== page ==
Abstract

Currently, PRP is used clinically as a topical application to augment healing of both surgical and chronic, non-healing wounds. PRP exerts its efficacy by releasing growth factors that enhance clot formation and vasculogenesis. We conducted in vitro functional analyses comparing PRP and/or UCB-derived monocytes including cytokine production, cell migration, and HUVEC tubule formation in standard matrigel assays to test the hypothesis whether topical concurrent application of PRP and UCB-derived monocytes may serve to augment wound healing beyond the ability of topical PRP alone.

UCB was obtained according to institutional guidelines and collected into bags with citrate dextrose (Allegiance). MNC were separated on a Histopaque-1077 (Sigma) density gradient. UCB CD14+ monocytes were isolated using AutoMACS magnetic cell sorter (Miltenyi), and cultured in RPMI with 1% HSA. PRP was isolated from adult peripheral blood by centrifugation. To determine if the addition of UCB monocytes may improve the wound healing effects of PRP alone, VEGF, bFGF, and PDGF secreted by monocytes alone, PRP alone, and monocytes supplemented with 3% PRP, were measured by ELISA (RayBiotech) daily over 4 days.

PRP alone elicited no measurable secretion of VEGF. UCB-derived monocytes alone showed a low, constant production of VEGF over the four days of 0.868ng/ml. PRP supplemented with UCB-derived monocytes secreted VEGF at a 7.6-fold increase over either PRP or UCB monocytes alone, with a peak production at day three of 6.638ng/ml. PRP alone produced no measurable secretion of bFGF over the four day time course. UCB monocytes alone secreted bFGF in an increasing manner during the same time course. During days one to four, bFGF secreted by UCB monocytes was 33.8, 27.9, 115.4, and 452.1pg/ml, respectively. The presence of PRP suppressed this secretion, as PRP combined with UCB monocytes constantly secreted bFGF at an average of 39.9pg/ml throughout days one to four. Finally, secretion of PDGF was highest in conditions including PRP combined with UCB monocytes. PRP alone constantly produced PDGF at an average of 3,144pg/ml over a 4 day time course. Monocytes alone secreted PDGF constantly at a lower average of 597pg/ml. PRP supplemented with UCB monocytes secreted PDGF at a concentration 5.9-fold higher than PRP alone, producing an average of 18,534pg/ml over four days.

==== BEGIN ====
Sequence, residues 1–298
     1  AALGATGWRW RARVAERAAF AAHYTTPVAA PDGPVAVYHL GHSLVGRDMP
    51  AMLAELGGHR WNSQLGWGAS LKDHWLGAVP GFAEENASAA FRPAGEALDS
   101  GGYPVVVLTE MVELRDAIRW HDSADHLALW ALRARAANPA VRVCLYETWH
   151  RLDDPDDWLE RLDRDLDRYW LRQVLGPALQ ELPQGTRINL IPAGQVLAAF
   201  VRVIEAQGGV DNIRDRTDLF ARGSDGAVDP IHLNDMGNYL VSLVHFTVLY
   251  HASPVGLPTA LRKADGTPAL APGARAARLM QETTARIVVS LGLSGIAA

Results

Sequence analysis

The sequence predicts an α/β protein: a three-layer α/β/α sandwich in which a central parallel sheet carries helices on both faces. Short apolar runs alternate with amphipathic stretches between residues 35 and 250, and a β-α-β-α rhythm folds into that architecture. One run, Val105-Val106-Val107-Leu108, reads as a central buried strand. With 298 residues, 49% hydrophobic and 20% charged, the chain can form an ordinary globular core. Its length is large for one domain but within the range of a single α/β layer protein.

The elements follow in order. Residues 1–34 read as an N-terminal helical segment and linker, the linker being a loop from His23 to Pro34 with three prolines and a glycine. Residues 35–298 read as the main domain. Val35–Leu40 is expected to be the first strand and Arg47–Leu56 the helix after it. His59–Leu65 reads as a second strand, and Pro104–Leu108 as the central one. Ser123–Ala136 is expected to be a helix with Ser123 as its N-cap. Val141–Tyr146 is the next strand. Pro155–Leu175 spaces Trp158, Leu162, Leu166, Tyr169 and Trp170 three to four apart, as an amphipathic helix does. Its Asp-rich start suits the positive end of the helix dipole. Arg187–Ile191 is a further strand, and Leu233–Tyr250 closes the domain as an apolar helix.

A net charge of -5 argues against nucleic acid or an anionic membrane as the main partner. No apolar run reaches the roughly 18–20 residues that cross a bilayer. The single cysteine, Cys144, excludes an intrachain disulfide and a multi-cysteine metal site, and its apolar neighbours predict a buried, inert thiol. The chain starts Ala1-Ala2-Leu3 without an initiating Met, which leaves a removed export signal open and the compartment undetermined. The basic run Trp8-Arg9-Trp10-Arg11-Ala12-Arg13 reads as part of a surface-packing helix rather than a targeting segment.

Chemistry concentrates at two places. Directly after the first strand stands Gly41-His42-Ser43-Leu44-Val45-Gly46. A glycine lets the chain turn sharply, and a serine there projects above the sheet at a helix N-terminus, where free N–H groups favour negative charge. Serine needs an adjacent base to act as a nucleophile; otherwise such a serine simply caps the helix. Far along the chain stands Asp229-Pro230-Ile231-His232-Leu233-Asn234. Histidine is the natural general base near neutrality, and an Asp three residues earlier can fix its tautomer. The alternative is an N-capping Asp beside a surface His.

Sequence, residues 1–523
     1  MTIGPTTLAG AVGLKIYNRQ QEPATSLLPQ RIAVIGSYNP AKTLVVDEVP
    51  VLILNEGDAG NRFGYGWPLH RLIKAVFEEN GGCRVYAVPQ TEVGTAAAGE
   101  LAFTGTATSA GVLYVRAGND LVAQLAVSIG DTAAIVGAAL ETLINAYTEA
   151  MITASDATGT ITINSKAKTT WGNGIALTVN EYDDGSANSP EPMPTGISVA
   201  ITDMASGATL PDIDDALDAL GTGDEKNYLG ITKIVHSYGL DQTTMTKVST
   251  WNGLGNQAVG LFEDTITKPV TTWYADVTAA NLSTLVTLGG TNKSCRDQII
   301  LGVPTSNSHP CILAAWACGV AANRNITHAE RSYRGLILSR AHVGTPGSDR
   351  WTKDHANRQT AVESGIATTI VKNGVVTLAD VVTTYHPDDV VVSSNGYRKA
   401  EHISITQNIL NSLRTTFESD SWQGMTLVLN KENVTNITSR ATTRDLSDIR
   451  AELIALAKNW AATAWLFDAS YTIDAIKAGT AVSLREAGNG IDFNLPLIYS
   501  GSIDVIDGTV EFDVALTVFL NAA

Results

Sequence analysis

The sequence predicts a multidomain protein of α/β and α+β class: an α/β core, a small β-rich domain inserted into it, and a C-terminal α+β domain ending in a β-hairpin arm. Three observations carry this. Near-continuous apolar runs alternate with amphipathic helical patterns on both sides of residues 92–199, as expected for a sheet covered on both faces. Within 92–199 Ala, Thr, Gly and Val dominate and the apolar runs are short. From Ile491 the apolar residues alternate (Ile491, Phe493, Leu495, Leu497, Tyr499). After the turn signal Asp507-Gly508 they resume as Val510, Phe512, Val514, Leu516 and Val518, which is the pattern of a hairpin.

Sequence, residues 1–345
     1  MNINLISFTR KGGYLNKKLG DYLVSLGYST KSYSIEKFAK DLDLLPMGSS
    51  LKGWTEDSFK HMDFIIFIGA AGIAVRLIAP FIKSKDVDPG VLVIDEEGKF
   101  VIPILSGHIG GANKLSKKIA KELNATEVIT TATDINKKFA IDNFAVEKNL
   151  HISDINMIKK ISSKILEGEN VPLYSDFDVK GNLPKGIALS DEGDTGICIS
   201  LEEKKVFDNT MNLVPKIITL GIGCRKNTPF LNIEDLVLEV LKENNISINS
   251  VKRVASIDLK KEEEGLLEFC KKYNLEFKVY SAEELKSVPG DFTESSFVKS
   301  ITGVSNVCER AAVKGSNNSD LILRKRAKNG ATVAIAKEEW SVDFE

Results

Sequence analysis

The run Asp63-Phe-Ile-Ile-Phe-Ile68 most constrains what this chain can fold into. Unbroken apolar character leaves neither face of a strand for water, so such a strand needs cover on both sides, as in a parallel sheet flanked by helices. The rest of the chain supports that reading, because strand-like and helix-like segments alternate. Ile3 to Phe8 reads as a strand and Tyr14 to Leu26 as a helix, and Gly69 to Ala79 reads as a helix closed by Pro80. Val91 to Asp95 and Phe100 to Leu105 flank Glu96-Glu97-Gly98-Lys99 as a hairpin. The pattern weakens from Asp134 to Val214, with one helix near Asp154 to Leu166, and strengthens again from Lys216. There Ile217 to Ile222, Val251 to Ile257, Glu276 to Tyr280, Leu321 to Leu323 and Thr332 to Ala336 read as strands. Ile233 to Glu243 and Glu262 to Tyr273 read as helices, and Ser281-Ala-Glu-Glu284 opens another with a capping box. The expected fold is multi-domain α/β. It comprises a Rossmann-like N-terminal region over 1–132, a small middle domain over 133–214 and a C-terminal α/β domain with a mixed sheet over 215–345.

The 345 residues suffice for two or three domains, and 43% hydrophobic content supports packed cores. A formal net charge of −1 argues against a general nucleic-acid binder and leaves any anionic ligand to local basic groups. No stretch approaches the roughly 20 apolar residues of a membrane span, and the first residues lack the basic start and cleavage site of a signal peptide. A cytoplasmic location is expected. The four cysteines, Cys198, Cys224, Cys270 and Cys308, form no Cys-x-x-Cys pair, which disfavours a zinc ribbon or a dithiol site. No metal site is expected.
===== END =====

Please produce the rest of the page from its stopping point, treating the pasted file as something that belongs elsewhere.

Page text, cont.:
To determine whether UCB-derived monocytes respond to cytokines elicited by injured vascular endothelial cells, we measured UCB-derived monocyte chemotaxis to HUVEC conditioned media in hypoxic conditions (5% O2). Migration experiments were conducted using Transwell plates with 8.0 μm pores. Monocytes were cultured in RPMI with 5% FBS at a concentration of 5×106/ml and were allowed to migrate for four hours to either: media alone, PRP, HUVEC-conditioned media, or HUVEC-conditioned media supplemented with PRP. We observed a 3.3 fold increase in the migration of the monocytes to HUVECconditioned media over that of basal media. Experiments with PRP alone showed no significant difference in monocyte migration compared to basal medium.

To determine whether UCB-derived monocytes may serve to augment endothelial cell function beyond that elicited by PRP alone, matrigel experiments were conducted by adding HUVEC in endothelial cell basal medium. HUVEC tubule formation in matrigel in basal media was compared in three conditions including media conditioned with: 1) PRP alone, 2) UCB monocytes alone, or 3) a combination of PRP + UCB monocytes. We compared the kinetics and stability of enclosed endothelial cell networks formed by HUVEC. No significant benefit was seen with addition of PRP conditioned media. The number of enclosed endothelial cell networks reached a higher maximum with the addition of monocyte conditioned media (137 networks) as well as PRP + monocyte conditioned media (142 networks), compared to non-conditioned media (80 networks). UCB monocyte and PRP + UCB monocyte conditioned media also improved the stability of the enclosed cell networks in culture as structures persisted beyond 24h, while none were present in the PRP-conditioned or non-conditioned media matrigel cultures.

In summary, these in vitro analyses support the hypothesis that UCB-derived monocytes significantly improve efficacy of PRP alone in augmentation of vasculogenesis and cell migration to vascular endothelial injury, thereby supporting potential concurrent topical application of UCB-derived monocytes to PRP in wound healing.

Disclosures: No relevant conflicts of interest to declare.

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